Nottingham Avenue, E16

Road is in an area which may have existed since the nineteenth century or before. Housing stock dates between 1910 and 1925

 HOME  ·  ARTICLE  MAP  STREETS  BLOG  CONTACT 
107.23.37.199 
MAPPING YEAR:1750180018301860190019302019Fullscreen map
Road · Silvertown · E16 ·
JANUARY
1
2000

Nottingham Avenue is one of the streets of London in the E16 postal area.



xxx

User unknown/public domain

VIEW THE SILVERTOWN AREA IN THE 1750s
The 1750 Rocque map is bounded by Sudbury (NW), Snaresbrook (NE), Eltham (SE) and Hampton Court (SW).
Outside these bounds, the 1750 map does not display.

VIEW THE SILVERTOWN AREA IN THE 1800s
The 1800 mapping is bounded by Stanmore (NW), Woodford (NE), Bromley (SE) and Hampton Court (SW).
Outside these bounds, the 1800 map does not display.

VIEW THE SILVERTOWN AREA IN THE 1830s
The 1830 mapping is bounded by West Hampstead (NW), Hackney (NE), Greenwich (SE) and Chelsea (SW).
Outside these bounds, the 1830 map does not display.

VIEW THE SILVERTOWN AREA IN THE 1860s
The 1860 mapping is bounded by Brent Cross (NW), Stratford (NE), Greenwich (SE) and Hammermith (SW).
Outside these bounds, the 1860 map does not display.

VIEW THE SILVERTOWN AREA IN THE 1900s
The 1900 mapping covers all of the London area.

 

Silvertown

Despite its argentine name, Silvertown is where Mr Tate and Mr Lyle (who never got on) have a sugar factory.

In 1852 S.W. Silver and Co moved to the area from Greenwich and established a rubber works, originally to make waterproof clothing. This subsequently developed into the works of the India Rubber, Gutta Percha and Telegraph Cable Company, which constructed and laid many submarine cables. By the 1860s a number of manure and chemical works and petroleum storage depots had been set up.

Sugar refiners in the area were joined in by Henry Tate in 1877 and Abram Lyle in 1881, whose companies merged in 1921 to form Tate & Lyle. Prior to the merger, which occurred after they had died, the two men were bitter business rivals, although they had never met in person. Tate & Lyle still have two large refineries in the area.

On 19 January 1917 parts of Silvertown were devastated by a massive TNT explosion at the Brunner-Mond munitions factory, in what is known as the Silvertown explosion. Seventy-three people died and hundreds were injured in one of the largest explosions ever experienced in the British Isles.

In the early twentieth century the area suffered greatly from road congestion due to being located between the Thames and the Royal Docks, then the largest and one of the busiest dock groups in the world. The area was cut off for much of the time by lifting bridges over dock entrances, and by level crossings which were closed for up to three quarters of each hour by train movements. This led in the early 1930s to the construction of the elevated Silvertown Way, one of the earliest urban flyovers.

On the first night of The Blitz, Tate and Lyle's sugar refinery, John Knight's Primrose Soapworks, and the Silvertown Rubber Works were all badly damaged by bombing.

Silver's was eventually taken over by the British Tyre and Rubber Co, later known as BTR Industries. The site closed in the 1960s and is now the Thameside Industrial Estate.[7]
Another major local employer was the Loders and Nucoline plant at Cairn Mills, a traditional port oleo industry and formerly part of Unilever. This originally milled seeds but later concentrated on production of fats from palm kernel oil.
Print-friendly version of this page

Maps


Environs of London (1832) FREE DOWNLOAD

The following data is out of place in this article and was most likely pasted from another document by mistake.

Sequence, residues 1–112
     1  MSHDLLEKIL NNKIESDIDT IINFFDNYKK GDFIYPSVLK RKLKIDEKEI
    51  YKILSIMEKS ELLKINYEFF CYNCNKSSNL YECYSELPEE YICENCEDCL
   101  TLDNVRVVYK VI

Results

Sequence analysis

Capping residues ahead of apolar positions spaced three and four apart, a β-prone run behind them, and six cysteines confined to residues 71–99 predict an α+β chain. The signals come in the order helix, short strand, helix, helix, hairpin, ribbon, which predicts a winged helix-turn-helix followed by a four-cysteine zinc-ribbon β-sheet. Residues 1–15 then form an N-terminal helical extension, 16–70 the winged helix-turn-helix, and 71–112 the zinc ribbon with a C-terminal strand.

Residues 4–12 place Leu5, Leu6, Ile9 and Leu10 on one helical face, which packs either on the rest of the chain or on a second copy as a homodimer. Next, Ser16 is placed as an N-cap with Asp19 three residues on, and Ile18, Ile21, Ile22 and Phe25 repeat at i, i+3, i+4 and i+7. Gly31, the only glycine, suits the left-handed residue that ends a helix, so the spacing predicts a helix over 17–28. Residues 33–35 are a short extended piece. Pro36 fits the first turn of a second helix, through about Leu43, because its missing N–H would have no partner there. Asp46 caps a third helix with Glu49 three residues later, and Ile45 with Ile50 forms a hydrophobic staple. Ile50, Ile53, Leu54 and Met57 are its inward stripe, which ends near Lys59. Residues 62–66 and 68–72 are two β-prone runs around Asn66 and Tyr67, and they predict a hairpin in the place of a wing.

Engraved map. Hand coloured. Relief shown by hachures. A circle shows "Extent of the twopenny post delivery."
Chapman and Hall, London

London Underground Map (1921).  FREE DOWNLOAD
London Underground map from 1921.
London Transport

The Environs of London (1865).  FREE DOWNLOAD
Prime meridian replaced with "Miles from the General Post Office." Relief shown by hachures. Map printed in black and white.
Published By J. H. Colton. No. 172 William St. New York

London Underground Map (1908).  FREE DOWNLOAD
London Underground map from 1908.
London Transport

Ordnance Survey of the London region (1939) FREE DOWNLOAD
Ordnance Survey colour map of the environs of London 1:10,560 scale
Ordnance Survey. Crown Copyright 1939.

Outer London (1901) FREE DOWNLOAD
Outer London shown in red, City of London in yellow. Relief shown by hachures.
Stanford's Geographical Establishment. London : Edward Stanford, 26 & 27, Cockspur St., Charing Cross, S.W. (1901)
1 



COPYRIGHT TERMS:
Unless a source is explicitedly stated, text is available under the Creative Commons Attribution-ShareAlike License; additional terms may apply. Articles may be a remixes of various Wikipedia articles plus work by the website authors - original Wikipedia source can generally be accessed under the same name as the main title. This does not affect its Creative Commons attribution.

Maps upon this website are in the public domain because they are mechanical scans of public domain originals, or - from the available evidence - are so similar to such a scan or photocopy that no copyright protection can be expected to arise. The originals themselves are in public domain for the following reason:
Public domain Maps used are in the public domain in the United States, and those countries with a copyright term of life of the author plus 100 years or less.
This file has been identified as being free of known restrictions under copyright law, including all related and neighbouring rights.

This tag is designed for use where there may be a need to assert that any enhancements (eg brightness, contrast, colour-matching, sharpening) are in themselves insufficiently creative to generate a new copyright. It can be used where it is unknown whether any enhancements have been made, as well as when the enhancements are clear but insufficient. For usage, see Commons:When to use the PD-scan tag.